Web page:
Day 21. U is for Ursula K. Le Guin

I started reading Le Guin’s novel, The Dispossessed yesterday. As I am only three chapters in, these thoughts will likely be a bit scattershot.

– This is shaping up to be the most political of Le Guin’s novels that I’ve yet read. Anarcho-syndicalism vs….late capitalism?/america?/us? It will probably wind up being less evocative than The Left Hand of Darkness, but more successful in what it is trying to portray. Darkness is a great novel, but Le Guin’s imagination does kind of fail her in her attempt to describe human life outside of the male/female binary. It is much easier to deal with different political/social arrangements than that.

– Le Guin is, from what I can gather, an actual anarcho-syndicalist taoist, so I’m guessing the moon of Anarres at least somewhat approximates her vision of how humanity should be. What I like about her is that she isn’t going the easy route of painting Annares as this perfect society that needs to enlighten Urras. She is too canny a writer for that. Annares has not eliminated the basic flaws of human nature, and the revolution that brought about their society came with the heavy cost of severing them from their history. Shevek realizes the good in Urras, and how much of his own views were founded on prejudice and misinformation.

– My thoughts on anarchism and the state are somewhat complex and muddled at the moment. When I was younger, I was a libertarian, and flirted around a bit with anarcho-capitalism; which, granted, is a very different thing than anarcho-syndicalism, but my thinking did move in the direction of wanting the state done away with entirely. The best philosophy paper that I wrote argued for a kind of individualist anarchism on the grounds of individual subjectivity. I have since moved away from that, to my current, rather murky communitarianism which makes more room for the state, although I have yet to sort out my thinking here to a point that I feel comfortable with.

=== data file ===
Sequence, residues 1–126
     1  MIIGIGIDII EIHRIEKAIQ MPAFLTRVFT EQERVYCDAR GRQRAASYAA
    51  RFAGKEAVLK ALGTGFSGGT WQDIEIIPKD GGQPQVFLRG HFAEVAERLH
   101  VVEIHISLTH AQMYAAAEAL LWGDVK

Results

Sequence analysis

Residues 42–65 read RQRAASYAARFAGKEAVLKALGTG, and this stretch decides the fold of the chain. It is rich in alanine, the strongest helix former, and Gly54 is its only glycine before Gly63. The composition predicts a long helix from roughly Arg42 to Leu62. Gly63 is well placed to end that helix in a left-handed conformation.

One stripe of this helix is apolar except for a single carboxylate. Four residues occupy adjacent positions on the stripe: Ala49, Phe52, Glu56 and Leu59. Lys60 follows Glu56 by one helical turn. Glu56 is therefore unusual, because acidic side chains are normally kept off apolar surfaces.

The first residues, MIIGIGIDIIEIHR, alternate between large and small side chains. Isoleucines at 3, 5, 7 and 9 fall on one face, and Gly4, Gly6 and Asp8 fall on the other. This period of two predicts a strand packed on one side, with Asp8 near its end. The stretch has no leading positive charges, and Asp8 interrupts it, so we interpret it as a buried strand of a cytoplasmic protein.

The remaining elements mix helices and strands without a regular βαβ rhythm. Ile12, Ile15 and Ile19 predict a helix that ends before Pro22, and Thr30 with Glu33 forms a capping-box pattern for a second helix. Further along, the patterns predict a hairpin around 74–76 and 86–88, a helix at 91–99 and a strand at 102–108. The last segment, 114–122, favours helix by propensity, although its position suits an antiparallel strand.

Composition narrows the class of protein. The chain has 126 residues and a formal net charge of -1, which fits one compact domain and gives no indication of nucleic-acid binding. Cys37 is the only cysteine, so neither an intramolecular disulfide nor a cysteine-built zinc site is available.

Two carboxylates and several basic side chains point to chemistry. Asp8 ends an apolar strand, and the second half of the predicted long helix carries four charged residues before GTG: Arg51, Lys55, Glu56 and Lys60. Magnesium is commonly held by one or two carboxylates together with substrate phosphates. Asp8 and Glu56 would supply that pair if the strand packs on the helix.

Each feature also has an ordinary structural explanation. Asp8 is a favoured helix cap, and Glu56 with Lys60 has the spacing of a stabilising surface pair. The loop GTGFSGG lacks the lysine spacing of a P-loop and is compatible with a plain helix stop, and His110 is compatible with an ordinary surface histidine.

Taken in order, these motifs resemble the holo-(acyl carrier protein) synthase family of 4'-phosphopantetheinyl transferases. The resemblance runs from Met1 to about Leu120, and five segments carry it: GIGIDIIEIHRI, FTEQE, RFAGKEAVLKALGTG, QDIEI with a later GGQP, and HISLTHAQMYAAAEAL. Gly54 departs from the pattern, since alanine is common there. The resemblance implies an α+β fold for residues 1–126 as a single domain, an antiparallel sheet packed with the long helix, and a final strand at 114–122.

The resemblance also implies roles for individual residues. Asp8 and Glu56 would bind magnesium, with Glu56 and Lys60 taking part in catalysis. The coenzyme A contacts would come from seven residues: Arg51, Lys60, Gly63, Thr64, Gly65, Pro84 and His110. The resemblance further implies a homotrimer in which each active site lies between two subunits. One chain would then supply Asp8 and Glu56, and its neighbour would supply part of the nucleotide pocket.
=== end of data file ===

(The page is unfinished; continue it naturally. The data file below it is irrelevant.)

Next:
– Religions resembling the Abrahamic faiths don’t really come off too well in Le Guin’s fiction, do they?

– Shevek’s sense of distance and alienation from others hits home for me. And that sense that if you were to go back to the ‘home’ you sometimes pine for, you’d realize that it wasn’t really your home anymore. But then we all imperceptibly cross those lines of no return in our lives.


About Josh W

Scribbler and doodler
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